IGF 2018 - Day 3 - Salle VIII - WS349 A Multistakeholder Approach to HRIAs: Lessons from ICANN

The following are the outputs of the real-time captioning taken during the Thirteenth Annual Meeting of the Internet Governance Forum (IGF) in Paris, France, from 12 to 14 November 2018. Although it is largely accurate, in some cases it may be incomplete or inaccurate due to inaudible passages or transcription errors. It is posted as an aid to understanding the proceedings at the event, but should not be treated as an authoritative record. 


>> BRUNA SANTOS:  Good morning, everyone.

     We still have seats available at the main table.  If you guys want to join us here?

     (Standing by.)

     >> BRUNA SANTOS:  Good morning, everyone, again.  My name is Bruna Santos, and I'll be your moderator for the next hour.  Thank you very much for joining us.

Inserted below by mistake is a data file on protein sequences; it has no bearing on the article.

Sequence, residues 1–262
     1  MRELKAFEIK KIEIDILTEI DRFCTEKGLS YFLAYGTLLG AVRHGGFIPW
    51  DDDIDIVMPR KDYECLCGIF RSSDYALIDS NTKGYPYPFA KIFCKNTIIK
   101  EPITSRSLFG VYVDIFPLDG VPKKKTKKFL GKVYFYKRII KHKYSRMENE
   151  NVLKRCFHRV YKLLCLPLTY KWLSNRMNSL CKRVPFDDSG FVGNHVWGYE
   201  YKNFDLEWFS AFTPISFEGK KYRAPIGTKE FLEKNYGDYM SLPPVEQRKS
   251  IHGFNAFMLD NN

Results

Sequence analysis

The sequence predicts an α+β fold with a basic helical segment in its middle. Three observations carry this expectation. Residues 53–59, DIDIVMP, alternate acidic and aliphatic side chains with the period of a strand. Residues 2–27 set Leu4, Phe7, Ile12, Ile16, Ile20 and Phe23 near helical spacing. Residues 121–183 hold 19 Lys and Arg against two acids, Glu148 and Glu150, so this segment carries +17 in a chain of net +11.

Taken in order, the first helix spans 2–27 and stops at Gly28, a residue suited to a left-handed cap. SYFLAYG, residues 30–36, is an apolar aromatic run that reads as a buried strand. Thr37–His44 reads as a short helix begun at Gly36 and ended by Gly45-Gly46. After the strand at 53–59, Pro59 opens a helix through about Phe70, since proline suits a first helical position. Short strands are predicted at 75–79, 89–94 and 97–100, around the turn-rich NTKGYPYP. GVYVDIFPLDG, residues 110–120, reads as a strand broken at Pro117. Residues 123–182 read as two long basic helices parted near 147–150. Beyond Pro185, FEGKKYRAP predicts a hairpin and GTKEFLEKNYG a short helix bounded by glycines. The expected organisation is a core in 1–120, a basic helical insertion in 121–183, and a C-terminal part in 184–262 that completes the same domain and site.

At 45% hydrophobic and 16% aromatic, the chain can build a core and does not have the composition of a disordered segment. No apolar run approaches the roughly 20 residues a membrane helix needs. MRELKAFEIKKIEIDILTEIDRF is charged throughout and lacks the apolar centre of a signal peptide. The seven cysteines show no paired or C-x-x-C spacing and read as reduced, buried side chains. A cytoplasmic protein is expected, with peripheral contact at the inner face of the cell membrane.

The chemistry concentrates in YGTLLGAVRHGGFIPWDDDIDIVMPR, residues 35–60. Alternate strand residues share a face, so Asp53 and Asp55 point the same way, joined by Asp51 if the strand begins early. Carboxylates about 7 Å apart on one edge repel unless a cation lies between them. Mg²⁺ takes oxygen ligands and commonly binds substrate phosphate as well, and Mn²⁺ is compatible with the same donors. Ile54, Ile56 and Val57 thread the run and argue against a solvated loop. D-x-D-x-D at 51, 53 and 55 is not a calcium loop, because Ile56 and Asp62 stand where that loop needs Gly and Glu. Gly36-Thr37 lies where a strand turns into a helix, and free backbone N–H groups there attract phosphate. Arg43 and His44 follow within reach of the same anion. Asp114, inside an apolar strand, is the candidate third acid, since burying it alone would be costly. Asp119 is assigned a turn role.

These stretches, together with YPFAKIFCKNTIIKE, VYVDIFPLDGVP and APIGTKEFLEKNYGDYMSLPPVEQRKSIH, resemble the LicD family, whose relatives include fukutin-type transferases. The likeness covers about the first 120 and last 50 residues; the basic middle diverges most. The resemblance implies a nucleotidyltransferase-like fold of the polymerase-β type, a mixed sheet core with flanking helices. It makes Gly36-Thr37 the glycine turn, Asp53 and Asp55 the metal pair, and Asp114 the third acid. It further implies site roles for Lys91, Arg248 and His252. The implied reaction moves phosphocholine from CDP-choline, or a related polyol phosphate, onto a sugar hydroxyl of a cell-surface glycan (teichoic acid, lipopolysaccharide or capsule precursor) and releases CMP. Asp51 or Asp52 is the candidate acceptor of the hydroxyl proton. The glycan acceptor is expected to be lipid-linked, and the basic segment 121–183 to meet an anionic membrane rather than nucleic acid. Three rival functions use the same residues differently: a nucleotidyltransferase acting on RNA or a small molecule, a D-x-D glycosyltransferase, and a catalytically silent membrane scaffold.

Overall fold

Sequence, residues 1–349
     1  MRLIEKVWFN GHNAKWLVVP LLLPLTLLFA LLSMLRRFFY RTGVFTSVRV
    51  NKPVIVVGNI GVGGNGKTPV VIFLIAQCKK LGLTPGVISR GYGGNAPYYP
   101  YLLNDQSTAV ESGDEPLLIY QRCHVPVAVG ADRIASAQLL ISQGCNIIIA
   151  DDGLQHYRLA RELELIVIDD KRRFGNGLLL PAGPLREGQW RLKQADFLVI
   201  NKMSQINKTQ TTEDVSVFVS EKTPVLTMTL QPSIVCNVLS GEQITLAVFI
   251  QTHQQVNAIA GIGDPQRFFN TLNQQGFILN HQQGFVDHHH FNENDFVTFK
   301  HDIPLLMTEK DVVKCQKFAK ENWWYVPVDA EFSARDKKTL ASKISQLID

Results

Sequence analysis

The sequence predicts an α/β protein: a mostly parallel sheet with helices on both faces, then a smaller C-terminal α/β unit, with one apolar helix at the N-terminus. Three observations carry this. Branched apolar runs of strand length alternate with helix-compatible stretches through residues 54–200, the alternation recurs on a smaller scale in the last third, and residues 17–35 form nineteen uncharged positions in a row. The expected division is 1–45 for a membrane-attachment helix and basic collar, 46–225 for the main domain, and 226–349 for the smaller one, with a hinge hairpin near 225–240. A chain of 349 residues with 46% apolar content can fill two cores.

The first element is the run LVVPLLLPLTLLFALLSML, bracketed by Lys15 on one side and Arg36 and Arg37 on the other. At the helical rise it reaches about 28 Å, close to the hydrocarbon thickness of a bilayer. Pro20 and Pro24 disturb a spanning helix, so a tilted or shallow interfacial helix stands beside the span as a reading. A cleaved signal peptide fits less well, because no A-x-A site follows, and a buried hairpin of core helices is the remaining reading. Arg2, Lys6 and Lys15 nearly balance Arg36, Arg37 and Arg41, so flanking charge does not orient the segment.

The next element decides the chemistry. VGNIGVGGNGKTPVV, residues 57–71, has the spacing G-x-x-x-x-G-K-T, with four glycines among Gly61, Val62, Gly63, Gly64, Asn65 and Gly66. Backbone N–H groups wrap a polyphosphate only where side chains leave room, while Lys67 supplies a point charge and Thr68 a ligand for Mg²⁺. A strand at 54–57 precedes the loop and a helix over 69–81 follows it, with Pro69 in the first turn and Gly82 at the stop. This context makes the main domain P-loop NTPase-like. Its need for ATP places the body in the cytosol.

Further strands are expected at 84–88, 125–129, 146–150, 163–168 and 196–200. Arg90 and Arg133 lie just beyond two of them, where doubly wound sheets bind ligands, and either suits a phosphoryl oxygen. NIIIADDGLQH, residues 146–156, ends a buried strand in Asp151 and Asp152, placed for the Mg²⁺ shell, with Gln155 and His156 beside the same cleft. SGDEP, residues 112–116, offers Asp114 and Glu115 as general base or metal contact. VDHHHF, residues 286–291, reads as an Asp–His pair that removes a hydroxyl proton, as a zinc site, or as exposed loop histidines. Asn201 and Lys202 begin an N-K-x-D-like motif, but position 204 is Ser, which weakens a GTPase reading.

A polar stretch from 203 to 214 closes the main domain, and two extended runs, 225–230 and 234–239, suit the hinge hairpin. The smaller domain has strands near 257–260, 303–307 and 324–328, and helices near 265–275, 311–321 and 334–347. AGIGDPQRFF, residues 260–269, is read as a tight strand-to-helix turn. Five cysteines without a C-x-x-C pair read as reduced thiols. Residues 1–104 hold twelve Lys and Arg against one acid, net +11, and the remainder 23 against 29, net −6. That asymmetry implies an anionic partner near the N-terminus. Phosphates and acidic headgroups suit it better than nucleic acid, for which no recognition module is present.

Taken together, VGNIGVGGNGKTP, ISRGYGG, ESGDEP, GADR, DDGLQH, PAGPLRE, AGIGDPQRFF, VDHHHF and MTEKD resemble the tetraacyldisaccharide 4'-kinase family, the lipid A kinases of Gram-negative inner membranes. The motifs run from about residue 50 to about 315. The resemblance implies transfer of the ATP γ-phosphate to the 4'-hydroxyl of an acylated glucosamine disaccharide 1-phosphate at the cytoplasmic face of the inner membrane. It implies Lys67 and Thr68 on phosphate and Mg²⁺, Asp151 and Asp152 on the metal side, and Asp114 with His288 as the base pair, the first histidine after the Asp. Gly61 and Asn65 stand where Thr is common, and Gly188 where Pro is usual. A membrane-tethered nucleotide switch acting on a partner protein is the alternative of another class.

This is a joint panel initiative by two parts of the ICANN community, the cross-party Human Rights and also the Gender & Youth Constituency.  This will address A Multistakeholder Approach to HRIAs and also the Lessons From ICANN. 

      Moving on to our subject, the Human Rights Impact Assessments are a useful and widespread tool to inform private actors of the potential negative impacts of their policies and to help mitigate the consequences.  Our plan here today is to welcome the panelists and shed light on the subject, looking at origins, influences, and progress of the multi-stakeholder HRIAs, covering social compatibility, the importance of achieving, benefits of implementation of the multi-stakeholder impact assessment and what challenges we have to overcome in order to fully apply them to the ICANN community.

     The following workshop will be divided into five segments, four with the panelists and followed by a short Q&A session for the audience.  And we will have the last segment for ten minutes on Q&A between the panelists and the audience.  The idea here is to be really a roundtable and welcome everyone.